• Improved personnel management quality, especially the key leadership team at the branch has been reorganised in a more neat and efficient manner.
  2. 110% of [a demanding] annual sales quota in 5 months.  
  3. Better culture, people are more creative and agile.

Many programs have been launched at the branch together with the new ways:

  • The “Challenge Your Leadership” contest. We received a lot of suggestions that can be applied right away to the branch’s operational practice.
  • The writing competition “Workday Diary” was also initiated from an idea in the above competition, with the hope that all units in the branch could better understand each other’s work, to share and bond with each other. [This is such a cool idea]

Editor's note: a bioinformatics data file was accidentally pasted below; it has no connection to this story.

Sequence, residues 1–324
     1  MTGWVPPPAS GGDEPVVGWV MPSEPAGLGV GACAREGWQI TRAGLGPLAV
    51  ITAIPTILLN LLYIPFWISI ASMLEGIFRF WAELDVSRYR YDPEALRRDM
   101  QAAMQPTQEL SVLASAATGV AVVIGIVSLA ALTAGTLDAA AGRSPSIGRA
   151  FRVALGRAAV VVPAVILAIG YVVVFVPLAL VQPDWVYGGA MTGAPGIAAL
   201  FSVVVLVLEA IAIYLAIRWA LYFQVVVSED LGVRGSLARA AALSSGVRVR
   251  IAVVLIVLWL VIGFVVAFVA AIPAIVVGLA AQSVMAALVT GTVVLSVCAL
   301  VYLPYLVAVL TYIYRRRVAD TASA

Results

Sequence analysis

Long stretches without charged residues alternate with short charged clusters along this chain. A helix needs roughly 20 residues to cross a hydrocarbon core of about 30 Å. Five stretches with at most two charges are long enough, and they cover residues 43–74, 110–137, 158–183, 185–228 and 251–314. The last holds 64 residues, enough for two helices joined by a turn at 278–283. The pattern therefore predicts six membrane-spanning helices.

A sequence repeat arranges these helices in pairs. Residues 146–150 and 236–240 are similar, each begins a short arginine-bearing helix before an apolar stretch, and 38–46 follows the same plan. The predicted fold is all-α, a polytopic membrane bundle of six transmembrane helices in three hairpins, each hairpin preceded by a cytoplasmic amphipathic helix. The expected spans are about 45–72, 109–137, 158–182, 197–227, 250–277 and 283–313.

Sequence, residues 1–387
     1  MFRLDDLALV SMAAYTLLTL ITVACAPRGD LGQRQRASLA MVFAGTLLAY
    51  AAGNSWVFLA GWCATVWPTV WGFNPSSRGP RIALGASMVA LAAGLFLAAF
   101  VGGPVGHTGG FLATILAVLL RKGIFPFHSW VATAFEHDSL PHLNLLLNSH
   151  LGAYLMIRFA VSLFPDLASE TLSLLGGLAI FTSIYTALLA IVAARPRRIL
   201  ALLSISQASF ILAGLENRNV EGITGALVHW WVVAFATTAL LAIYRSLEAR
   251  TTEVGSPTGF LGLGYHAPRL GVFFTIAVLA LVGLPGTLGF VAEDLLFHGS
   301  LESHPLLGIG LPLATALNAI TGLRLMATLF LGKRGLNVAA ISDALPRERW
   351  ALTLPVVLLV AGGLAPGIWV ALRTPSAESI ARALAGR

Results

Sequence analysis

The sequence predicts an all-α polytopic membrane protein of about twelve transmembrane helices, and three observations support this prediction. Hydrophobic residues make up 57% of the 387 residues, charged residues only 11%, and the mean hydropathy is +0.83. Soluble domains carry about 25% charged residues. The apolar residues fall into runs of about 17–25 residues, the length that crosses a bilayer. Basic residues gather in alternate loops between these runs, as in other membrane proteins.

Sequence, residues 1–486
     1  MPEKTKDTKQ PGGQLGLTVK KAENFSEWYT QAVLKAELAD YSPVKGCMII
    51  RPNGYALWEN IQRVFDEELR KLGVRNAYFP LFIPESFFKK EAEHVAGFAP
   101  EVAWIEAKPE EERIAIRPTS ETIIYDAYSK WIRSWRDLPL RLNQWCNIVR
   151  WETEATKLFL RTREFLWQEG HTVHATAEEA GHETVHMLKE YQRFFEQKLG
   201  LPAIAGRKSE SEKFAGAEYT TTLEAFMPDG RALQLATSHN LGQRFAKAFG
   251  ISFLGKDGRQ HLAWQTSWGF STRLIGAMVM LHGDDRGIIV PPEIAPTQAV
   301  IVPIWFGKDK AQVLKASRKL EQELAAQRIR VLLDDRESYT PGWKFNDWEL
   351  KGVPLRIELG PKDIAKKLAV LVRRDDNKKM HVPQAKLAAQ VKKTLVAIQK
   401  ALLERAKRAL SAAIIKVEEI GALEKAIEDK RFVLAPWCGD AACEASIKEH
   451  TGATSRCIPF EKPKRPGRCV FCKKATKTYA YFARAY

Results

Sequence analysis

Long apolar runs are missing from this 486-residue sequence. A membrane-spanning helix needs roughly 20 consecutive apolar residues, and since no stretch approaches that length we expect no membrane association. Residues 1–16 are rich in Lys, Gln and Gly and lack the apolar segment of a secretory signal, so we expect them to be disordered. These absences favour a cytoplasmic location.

• A research and development team has been established to automate the many manual tasks in the branch. This is an agile self-governing team, members participate on a voluntary basis. The Board of Directors supports resources and periodically organises “Day of Ideas” to recognize and honour individuals who made timely contributions. 

 

These are the lessons I’ve learned, as a leader:

  • You need trust to empower your people.
  • Let the working people design their own work.
  • Make the organisation’s problems transparent so that everyone can understand, and participate in sharing the solutions.
  • Be kind to people, they will do their best for the organisation and for you.
  • Be brave to try new ways of working and managing, you will be surprised at the results.